The board overseeing the Unified Fire Authority voted Tuesday to hire outside legal counsel to advise it on whether to attempt recovering hundreds of thousands of dollars in public funds that state auditors last year concluded were misused by top administrators.
The money the board would seek to recover includes at least $370,000 in public funds the audit concluded former chief and current Salt Lake County Councilman Michael Jensen and ex-Deputy Chief Gaylord Scott had improperly received.
“Our board takes very seriously the fact that these funds, which we believe were misappropriated funds, are public funds,” said Millcreek Mayor and UFA board member Jeff Silvestrini. “We believe the board was misled and/or circumvented with respect to some of these expenditures, and as a board we don’t believe that we can accept that type of conduct.”
The Unified Fire Authority operates fire and emergency services throughout most of Salt Lake County under contract with individual cities. The Unified Fire Service Area is a separate but related taxing district made up of municipalities that levy property taxes to build fire stations operated by UFA. The service area board is also seeking legal advice on a potential suit.
Though a decision was expected Tuesday, the board decided after a closed session to seek legal advice before going forward with litigation against Jensen, Scott and perhaps also former Chief Legal Officer Karl Hendrickson and former Chief Financial Officer Shirley Perkins.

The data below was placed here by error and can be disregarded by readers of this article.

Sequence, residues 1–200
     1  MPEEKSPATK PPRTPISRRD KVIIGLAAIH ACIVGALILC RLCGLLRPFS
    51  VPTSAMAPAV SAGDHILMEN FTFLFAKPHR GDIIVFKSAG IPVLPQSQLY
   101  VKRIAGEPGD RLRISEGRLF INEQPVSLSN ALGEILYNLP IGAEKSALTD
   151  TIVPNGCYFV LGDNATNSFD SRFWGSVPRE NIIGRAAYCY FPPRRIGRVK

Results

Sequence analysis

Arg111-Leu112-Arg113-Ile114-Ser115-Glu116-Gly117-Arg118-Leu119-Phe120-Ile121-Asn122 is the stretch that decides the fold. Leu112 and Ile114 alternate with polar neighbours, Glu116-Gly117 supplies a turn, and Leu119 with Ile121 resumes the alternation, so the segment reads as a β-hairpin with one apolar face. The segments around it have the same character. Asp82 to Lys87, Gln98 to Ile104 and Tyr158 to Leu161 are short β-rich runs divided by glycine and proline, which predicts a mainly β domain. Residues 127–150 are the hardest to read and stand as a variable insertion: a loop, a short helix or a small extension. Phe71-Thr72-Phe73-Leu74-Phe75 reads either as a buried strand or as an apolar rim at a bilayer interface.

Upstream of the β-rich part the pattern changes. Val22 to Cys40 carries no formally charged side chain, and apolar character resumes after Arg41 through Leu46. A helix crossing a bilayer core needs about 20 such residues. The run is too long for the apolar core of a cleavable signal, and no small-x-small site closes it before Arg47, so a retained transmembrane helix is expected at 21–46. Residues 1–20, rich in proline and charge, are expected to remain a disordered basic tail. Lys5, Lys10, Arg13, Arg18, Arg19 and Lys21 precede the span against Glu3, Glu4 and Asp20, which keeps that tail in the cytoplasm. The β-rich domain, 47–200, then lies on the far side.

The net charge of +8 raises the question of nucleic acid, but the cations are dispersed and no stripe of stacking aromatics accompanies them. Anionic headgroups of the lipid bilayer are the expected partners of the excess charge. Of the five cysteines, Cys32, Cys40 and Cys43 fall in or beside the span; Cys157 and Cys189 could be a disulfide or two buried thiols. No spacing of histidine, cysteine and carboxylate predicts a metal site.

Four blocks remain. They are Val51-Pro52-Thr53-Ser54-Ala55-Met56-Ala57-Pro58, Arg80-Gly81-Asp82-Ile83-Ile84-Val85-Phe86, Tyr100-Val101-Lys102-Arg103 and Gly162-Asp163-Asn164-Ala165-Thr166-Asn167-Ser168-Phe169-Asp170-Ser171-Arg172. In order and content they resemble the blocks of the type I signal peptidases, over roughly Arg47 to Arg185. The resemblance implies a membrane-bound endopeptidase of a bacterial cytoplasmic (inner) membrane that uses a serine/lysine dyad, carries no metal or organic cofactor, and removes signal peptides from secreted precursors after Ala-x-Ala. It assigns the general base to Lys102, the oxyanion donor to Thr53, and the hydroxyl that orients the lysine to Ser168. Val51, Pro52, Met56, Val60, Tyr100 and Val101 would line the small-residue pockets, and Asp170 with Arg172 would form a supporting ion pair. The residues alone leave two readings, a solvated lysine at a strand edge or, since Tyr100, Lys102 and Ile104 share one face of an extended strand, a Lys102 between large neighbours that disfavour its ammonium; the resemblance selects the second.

The board directed its legal team and staff to review all the available information about the case to decide how to proceed civilly at its meeting last month. A civil lawsuit would likely be the only way to go after that money because a more-than-yearlong investigation by the Utah Attorney General’s Office, released last month, ended with no criminal charges.
The state audit and the 196-page investigative report from the Attorney General’s Office found the agency’s top administrators had received exorbitant bonuses, been reimbursed for personal vacations attached to official travel, purchased electronic equipment for personal use and hired close family members outside UFA rules.
The payouts included sizable severance checks to the two — $93,000 to Jensen and $42,000 to Scott — even though they resigned in 2016 under a cloud of suspicion. Additionally, Jensen, Scott, Perkins and Hendrickson received more than a combined $400,000 in bonuses, or “incentive pay,” between 2011 and 2015.
Chief Dan Peterson, who took over the agency in January 2017, has since eliminated the agency’s bonus program altogether, and the board has worked through about 100 of the 126 recommendations included in the state auditor’s report to address the culture and practices at UFA.
Silvestrini said he expects the board will make a decision about whether to move forward with a lawsuit at its November meeting.